Chemistry of Olive Oil

Health Benefits of UP Certified Extra Virgin Olive Oil

Extra virgin olive oil (EVOO) decreases in flavor and health benefits over time. Fresh crushed olive oil is like fresh squeezed fruit juice in that it contains the most flavor and nutrients. Old, poorly made and improperly stored EVOO yields fewer if any health benefits and undesirable flavor.

Becoming intimately familiar with a particular EVOO's flavor characteristics and chemistry i.e. antioxidant content, oleic acid, FFA, and crush date will help you make an educated decision about which olive oil is right for you. Know the harvest / crush date! We early harvest our fruit, we want green olives not blackened, rotten, over ripened olives.

Many companies harvest their olives too late, they wait until the fruit is black to get more oil out of so they can make more money$$. But that means you have been consuming rotten olive oil and didn't even know it. We mill our olives within 2-4 hours after picking.

Unlike other harvesters, we crush the pit of the fruit since that is part of the olive which also aids in the nutraceutical health benefits of the extra virgin olive oil.

Crucial Olive Oil Chemistry Definition Key

Oleic Acid:
Oleic Acid is a monounsaturated omega-9 fatty acid found in olive oil. Olive oil is generally higher in oleic acid than other vegetable fats. The range found in extra virgin olive oil is between 55-83%. Our olive oils all exceed 70% Oleic Acid. Extra Virgin Olive Oil high in Oleic Acid has greater resistance to oxidation (which decreases its health benefits and flavor).

FFA (Free Fatty Acids):
Based on IOOC (International Olive Oil Council) Standards, the maximum limit for free fatty acid in extra virgin olive oil is 0.8g per 100g or .8%. A low FFA is desirable. Our standard is not to purchase any olive oil with an FFA level above .3%. Free fatty acid speaks to the condition of the fruit at the time of crush. The higher the FFA the greater the indication of poor quality fruit such as damaged, overripe, insect infestation, overheating during production or too much of a delay between harvest and crush.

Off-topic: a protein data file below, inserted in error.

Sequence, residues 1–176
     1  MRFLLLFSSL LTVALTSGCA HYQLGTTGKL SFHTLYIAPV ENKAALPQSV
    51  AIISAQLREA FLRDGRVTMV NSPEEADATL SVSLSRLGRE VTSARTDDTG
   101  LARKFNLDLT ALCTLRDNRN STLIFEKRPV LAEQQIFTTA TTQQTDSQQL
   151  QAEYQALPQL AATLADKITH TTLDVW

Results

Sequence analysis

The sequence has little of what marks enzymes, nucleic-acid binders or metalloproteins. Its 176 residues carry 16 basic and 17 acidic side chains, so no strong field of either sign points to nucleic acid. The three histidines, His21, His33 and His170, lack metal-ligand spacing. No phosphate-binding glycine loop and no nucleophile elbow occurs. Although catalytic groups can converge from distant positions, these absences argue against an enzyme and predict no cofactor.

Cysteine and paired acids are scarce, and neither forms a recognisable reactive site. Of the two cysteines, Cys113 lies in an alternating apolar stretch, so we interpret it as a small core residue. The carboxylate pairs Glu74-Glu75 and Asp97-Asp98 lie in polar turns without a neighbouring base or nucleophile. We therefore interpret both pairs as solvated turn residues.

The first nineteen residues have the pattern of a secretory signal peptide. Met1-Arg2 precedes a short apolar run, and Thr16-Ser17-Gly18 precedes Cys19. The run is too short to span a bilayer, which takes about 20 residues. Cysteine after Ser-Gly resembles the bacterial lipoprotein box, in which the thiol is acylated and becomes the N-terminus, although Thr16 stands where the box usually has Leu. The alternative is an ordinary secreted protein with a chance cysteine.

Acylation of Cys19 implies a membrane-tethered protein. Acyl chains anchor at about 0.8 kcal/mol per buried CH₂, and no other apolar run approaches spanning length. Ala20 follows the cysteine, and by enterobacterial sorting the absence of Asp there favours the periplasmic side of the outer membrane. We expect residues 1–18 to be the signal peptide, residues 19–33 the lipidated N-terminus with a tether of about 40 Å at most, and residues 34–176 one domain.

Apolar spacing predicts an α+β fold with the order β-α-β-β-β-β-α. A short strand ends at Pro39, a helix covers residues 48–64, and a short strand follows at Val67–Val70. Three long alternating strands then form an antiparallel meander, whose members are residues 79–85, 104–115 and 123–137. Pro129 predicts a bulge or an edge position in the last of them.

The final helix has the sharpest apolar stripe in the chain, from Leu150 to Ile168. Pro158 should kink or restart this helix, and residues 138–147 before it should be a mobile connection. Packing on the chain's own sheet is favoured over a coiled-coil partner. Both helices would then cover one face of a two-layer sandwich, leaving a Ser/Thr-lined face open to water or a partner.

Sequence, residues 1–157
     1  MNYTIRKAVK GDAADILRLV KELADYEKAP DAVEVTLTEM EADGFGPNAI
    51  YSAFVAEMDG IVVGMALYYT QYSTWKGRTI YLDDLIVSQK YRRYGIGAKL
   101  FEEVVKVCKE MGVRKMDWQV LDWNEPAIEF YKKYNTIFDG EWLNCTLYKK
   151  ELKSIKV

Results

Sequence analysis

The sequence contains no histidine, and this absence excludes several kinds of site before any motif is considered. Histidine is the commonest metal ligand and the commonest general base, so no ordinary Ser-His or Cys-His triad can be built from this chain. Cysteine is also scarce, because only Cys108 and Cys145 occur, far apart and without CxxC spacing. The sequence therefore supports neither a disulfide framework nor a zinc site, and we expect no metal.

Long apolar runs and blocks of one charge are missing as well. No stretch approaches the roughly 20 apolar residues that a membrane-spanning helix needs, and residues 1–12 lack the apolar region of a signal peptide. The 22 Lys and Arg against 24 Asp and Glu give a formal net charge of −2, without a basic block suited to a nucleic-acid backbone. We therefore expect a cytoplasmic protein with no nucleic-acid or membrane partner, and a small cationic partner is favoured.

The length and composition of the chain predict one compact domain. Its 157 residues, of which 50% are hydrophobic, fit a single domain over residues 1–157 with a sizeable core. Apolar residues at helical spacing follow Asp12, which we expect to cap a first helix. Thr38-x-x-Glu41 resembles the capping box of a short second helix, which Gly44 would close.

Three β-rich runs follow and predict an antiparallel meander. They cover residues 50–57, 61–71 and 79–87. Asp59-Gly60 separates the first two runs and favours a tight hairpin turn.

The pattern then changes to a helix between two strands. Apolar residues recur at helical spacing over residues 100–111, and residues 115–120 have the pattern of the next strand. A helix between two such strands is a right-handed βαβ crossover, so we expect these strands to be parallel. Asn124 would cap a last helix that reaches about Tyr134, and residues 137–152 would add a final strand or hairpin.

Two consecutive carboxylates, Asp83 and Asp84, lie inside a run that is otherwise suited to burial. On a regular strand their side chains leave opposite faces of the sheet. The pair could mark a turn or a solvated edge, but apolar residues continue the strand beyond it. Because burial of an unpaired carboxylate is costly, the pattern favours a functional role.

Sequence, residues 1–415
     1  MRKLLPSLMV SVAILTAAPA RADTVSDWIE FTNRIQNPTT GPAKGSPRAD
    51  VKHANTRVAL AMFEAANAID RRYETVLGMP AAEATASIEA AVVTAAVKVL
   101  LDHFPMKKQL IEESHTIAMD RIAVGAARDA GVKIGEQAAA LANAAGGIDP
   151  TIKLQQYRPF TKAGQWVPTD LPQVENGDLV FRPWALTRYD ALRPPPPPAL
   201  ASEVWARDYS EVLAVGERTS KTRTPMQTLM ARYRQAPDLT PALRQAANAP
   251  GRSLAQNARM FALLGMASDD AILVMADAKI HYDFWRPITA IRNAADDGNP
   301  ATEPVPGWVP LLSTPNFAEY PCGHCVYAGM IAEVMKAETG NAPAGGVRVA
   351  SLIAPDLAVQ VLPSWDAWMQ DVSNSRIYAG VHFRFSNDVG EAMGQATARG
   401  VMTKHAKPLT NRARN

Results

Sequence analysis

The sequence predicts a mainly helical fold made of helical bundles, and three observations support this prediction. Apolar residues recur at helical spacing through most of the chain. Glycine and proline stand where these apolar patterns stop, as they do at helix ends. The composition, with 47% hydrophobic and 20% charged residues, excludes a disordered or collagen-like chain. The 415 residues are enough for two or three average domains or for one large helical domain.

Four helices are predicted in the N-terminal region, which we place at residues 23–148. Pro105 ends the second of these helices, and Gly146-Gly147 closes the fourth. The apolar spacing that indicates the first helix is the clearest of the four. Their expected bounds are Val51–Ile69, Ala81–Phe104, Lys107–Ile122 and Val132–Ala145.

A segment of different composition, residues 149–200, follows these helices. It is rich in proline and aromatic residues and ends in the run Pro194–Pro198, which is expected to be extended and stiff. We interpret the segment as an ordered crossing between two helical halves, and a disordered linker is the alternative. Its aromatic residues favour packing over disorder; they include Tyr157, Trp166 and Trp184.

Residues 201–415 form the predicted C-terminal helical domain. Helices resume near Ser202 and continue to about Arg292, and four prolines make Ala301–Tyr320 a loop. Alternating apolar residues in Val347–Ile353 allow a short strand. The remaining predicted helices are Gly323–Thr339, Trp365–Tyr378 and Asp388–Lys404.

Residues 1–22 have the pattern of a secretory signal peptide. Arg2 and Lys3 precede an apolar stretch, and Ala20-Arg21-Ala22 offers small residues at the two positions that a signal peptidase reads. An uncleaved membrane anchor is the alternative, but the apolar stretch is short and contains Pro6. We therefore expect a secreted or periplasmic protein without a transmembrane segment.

Peroxide Value:
Based on IOOC (International Olive Oil Council) Standards, the maximum peroxide value for extra virgin olive oil is 20. A very low peroxide value is desirable. Our average peroxide value of 6.1 is much lower than the IOOC Standard. Unsaturated free fatty acids react with oxygen and form peroxides, which create a series of chain reactions that generate volatile substances responsible for a typical musty/rancid oil smell. These reactions are accelerated by high temperature, light and oxygen exposure.

Polyphenol Count (Healthy Antioxidants):
Polyphenols are a class of antioxidants found in a variety of foods. Polyphenols (such as Oleuropein, Oleocanthal, and Hydroxytyrosol) impart the intensity connected with pepper, bitterness and other desirable flavor characteristics in extra virgin olive oil. The standard range for polyphenols is anywhere from 80-220ppm. Anything above 220 is considered high. Our olive oils contain polyphenol levels ranging from 101-660ppm! Recent studies indicate that these potent phenols are responsible for many of the health benefits associated with consuming fresh high quality extra virgin olive oil. Phenols decrease over time or when exposed to heat, oxygen and light. Consuming fresh, well made olive oil with high polyphenol content is crucial when looking to obtain the maximum health benefit commonly associated with consuming extra virgin olive oil.

This is a term referencing a test/score applied to olive oils for quality purposes. It measures the proportion of two forms of diacylglycerol: 1,2 and 1,3. In oil freshly made from sound olives of good quality, the prevalent form of DAG is the 1,2 form where the fatty acids are bonded to a glycerol molecule in the 1 and 2 positions. Eventually this form changes into a 1,3 bond after it ages. It's a good indicator of the quality of the olive fruit and the processing/age of an oil. Warmer storage temperatures, and higher free fatty acid levels will both accelerate this process, but DAGs are not affected by the short exposure to high heat that is characteristic of deodorizing (refining) an oil (which is bad for you).

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